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What Would Capt. Jim Do?

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    What Would Capt. Jim Do?

    What would Capt Jim do if he were trying to build boats today with all the govt. regulations? Looking at the picture he took of the INDIANA outfitting there are all kinds of safety violations which would have shut him down if an OSHA inspector had happened by back in 1901.
    1. man working on the jack staff. No safety harness, sitting on guy wires...oh my, the man was lucky to have made it through the day.
    2. man working under the stairs. No hand rails and he's working over water, no life jacket. No guard on the stairs to keep people off.
    3. stair way from the Texas to the Hurricane roof. No hand rails of any kind and at the end to the stairs there's a fire hose pipe, someone could fall into it.
    (I love these Howard photos, they are so clear you can enlarge them so big that details like these become evident.)
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    #2
    Impossible in 2010

    Boy oh boy, Jim. Ain't that the truth. No one would be allowed to build an historically accurate steamboat of yesteryear. Too bad.

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      #3
      Ted,
      anybody with the materials and experience could build an exact replica of the Indiana. The only thing is, he would not be allowed to use it. A couple of times each year I get calls from people wanting to build the Rob't. E. Lee. I listen patiently and explain why they cannot. For some reason I also get calls from people who want to make millions hauling coal out of Kentucky River. They seem disappointed when I tell them that in a week they can haul less coal than CSX moves in two hours. Then there's the guy down there on the Wabash who wants to. . . .

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        #4
        Oddly enough Alan I was floating the James river in Va. yesterday in my Kayak with some friends and like most rivers the James has its share of track running along side as well as a few tressles and I dont believe I've ever floated without seeing at least one train and yesterday was no exception as I counted 97 CSX cars on one of the 2 trains I saw..... "well I'm sorry my son but your too late in askin', Mr. Peabody's Coal Train has hauled her away".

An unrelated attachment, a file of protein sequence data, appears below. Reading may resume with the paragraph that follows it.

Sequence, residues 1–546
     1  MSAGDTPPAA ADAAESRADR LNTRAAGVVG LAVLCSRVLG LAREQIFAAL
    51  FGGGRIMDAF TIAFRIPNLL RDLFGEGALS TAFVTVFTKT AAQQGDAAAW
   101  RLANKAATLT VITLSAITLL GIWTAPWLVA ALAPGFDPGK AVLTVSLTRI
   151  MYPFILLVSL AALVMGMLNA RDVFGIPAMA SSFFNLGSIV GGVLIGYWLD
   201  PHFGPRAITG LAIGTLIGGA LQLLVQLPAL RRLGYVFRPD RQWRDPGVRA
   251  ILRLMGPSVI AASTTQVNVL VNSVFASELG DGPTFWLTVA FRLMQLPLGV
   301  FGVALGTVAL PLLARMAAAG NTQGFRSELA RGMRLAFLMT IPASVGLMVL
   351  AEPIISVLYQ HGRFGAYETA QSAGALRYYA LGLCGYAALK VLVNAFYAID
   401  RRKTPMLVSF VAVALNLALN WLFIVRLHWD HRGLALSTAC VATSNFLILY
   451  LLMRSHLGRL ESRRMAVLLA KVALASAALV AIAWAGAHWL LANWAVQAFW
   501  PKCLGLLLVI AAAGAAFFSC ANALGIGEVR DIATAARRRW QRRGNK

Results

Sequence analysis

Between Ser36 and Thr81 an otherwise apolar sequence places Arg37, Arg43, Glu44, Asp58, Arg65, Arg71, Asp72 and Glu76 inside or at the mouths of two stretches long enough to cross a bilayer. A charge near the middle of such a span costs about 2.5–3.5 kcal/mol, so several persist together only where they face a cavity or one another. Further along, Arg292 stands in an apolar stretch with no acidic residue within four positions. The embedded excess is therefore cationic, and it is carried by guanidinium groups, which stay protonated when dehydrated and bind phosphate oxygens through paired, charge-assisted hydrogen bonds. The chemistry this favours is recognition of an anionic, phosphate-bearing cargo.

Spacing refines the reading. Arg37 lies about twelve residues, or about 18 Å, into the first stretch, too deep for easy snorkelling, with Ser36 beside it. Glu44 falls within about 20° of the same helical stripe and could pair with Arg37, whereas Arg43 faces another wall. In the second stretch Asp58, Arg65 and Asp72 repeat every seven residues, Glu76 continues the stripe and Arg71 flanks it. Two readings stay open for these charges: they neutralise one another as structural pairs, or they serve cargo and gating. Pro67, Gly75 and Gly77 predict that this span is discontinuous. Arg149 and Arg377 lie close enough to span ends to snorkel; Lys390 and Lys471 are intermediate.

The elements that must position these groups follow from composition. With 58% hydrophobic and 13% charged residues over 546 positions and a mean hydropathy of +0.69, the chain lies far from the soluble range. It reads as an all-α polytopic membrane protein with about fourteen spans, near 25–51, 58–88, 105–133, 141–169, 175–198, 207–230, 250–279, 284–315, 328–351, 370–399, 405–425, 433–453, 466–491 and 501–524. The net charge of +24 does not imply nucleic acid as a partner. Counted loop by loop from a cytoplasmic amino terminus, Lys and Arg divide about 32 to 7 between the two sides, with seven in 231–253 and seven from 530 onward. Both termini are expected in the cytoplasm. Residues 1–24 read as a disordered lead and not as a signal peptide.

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          #5
          Why not? People still do all that dangling around on the numerous sailing ships that still exist. They wear safety harnesses, but there are many occasions where the harness can't be used.

          There was a deck hand on the DQ that shinnied up the mast one day like a monkey, did what he had to do, and came back down before someone else could track down a ladder.

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            #6
            And don't forget a certain someone who managed to not miss the boat by swimming out and riding the DQ's anchor.

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              #7
              Why, Captain Jim would do like the rest of us, resent it, complain, then go on with the work.

              It is kind of interesting - the writers and enforcers of such organizations as OSHA and the Department of Homeland Security have no comprehension of costs, excepting, of course, when they must pay them from their own wallets. They cannot grasp the idea that steel lying idle for months while the department makes up its mind is a direct expense to whoever needs the steel. They cannot believe that it is more economical for a boat owner and a shipyard to proceed without approval than to wait a couple of months for a decision. It is often less costly to tear down completed work and rebuild it than to wait for some bureaucrat to reply to a letter.

              Captain Jim never faced this problem, but if he did he would do what the rest do: go ahead and build, then worry about the nit-picking complaints when they finally arrive.

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